In 1997, only Switzerland allowed their residents to decide if they wanted to end their life, but compassion for end-of-life sensibilities has seen that number rise dramatically across the West.
Since 2015, Belgium, Luxembourg, Canada, New Zealand, Spain, the Netherlands, Colombia, Germany, Austria, Portugal, five Australian states, ten American states, and D.C. have legalized assisted dying. Countries that are largely Catholic such as Ireland, Chile, Italy, and Uruguay are currently crafting legislation to follow suit.
As the Economist reports, more and more people who have seen their relatives suffer through chronic or incurable illnesses—and who may be worried they might face the same fate—are on the crest of a wave of activism to return the right to die to the individual, their doctors, and families, rather than the state.
In 2015, the state of Oregon passed the Death with Dignity Act, which was copied internationally in places like New Zealand and all but one of the states of Australia.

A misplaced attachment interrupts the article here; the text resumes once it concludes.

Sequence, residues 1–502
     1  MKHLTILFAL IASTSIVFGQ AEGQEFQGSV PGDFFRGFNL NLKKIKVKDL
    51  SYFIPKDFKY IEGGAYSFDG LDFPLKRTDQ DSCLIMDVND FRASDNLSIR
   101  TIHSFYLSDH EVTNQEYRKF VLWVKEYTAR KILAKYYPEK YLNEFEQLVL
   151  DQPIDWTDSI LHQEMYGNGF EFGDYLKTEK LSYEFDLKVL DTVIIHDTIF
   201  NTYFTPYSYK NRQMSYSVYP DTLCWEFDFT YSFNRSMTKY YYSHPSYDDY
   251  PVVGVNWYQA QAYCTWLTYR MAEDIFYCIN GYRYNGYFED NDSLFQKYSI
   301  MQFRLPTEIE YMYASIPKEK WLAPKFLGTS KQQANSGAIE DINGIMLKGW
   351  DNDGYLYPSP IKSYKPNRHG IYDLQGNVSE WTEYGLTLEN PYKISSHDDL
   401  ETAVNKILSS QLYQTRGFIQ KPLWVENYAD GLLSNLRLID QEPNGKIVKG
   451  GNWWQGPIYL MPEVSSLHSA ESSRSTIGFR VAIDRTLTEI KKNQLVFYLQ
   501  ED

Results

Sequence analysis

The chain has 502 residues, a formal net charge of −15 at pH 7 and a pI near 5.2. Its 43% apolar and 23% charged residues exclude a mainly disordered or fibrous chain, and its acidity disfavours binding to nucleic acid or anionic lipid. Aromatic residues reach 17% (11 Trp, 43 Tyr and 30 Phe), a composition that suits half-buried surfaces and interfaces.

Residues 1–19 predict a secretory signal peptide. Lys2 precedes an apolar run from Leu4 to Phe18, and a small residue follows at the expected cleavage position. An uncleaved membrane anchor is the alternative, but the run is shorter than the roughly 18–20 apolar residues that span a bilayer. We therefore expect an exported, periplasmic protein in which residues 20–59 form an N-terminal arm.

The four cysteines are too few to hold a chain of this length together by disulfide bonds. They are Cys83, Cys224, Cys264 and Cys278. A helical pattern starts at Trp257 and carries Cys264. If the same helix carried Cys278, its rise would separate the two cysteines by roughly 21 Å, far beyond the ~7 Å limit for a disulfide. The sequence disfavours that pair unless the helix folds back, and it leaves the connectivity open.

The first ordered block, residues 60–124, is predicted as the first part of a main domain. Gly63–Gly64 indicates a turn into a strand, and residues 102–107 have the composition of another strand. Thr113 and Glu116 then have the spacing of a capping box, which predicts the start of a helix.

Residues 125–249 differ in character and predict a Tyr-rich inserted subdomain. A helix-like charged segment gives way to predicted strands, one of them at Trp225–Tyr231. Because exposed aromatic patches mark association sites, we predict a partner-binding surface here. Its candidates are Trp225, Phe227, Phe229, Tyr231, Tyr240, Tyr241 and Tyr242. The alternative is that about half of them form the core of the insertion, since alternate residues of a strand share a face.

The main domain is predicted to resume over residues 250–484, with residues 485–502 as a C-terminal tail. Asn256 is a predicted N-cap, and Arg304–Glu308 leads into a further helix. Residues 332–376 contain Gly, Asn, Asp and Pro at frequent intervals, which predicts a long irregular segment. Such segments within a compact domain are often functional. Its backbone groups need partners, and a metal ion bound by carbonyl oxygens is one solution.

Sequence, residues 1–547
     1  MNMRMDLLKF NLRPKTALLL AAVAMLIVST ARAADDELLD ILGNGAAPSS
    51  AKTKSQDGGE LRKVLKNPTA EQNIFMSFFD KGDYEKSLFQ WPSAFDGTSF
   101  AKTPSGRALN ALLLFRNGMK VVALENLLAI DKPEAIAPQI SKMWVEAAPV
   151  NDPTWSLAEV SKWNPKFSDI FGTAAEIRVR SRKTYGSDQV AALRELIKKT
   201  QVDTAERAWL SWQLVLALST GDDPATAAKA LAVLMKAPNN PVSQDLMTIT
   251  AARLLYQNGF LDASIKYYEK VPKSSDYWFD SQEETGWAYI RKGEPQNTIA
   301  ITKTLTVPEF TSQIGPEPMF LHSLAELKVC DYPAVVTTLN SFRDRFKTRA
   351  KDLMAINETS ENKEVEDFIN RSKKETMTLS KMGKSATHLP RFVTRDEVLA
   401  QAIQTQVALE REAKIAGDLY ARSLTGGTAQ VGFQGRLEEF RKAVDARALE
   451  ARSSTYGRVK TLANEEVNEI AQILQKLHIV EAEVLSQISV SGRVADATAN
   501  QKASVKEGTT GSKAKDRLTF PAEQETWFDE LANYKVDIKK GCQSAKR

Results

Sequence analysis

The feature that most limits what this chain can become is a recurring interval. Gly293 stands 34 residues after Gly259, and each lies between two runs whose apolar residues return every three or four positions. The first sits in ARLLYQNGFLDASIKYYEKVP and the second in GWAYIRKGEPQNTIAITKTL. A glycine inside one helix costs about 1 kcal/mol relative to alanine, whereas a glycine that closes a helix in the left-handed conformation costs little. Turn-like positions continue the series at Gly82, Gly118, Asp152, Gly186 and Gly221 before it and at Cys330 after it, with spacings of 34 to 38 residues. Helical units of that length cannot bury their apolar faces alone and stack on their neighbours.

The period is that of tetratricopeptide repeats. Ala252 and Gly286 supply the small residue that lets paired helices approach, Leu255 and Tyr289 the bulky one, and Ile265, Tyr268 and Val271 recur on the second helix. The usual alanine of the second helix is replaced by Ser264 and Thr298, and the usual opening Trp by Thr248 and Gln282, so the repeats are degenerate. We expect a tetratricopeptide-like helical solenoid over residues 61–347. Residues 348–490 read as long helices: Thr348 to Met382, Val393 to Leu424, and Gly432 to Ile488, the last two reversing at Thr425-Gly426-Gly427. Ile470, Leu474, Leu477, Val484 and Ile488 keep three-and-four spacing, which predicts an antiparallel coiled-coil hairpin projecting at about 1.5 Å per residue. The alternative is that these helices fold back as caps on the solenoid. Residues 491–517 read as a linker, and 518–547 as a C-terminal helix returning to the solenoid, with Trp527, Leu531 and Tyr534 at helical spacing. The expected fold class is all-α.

In the UK, three-quarters of people support the right to die, though only 35% of parliament agrees, and so an Oregon-like bill is unlikely to pass at the moment.
In Peru, the constitutional court recently ruled that a doctor’s decision not to help a woman with degenerative polio end her life was a violation of human rights, and a potential challenge to a ban is being made in the courts.
Movements like the one for green funerals or for medically-assisted suicide are part of a changing attitude to death. Naomi Richards, an anthropologist tells the Economist that now death should be, for some people, “an event to be scheduled, controlled.”
One of the founding principles of classical liberalism was the right to self-ownership: one owns the rights and fates of one’s person. It’s the ultimate vote of confidence in not only the sovereignty of the individual, but in the principles which many of our Western countries were found upon.
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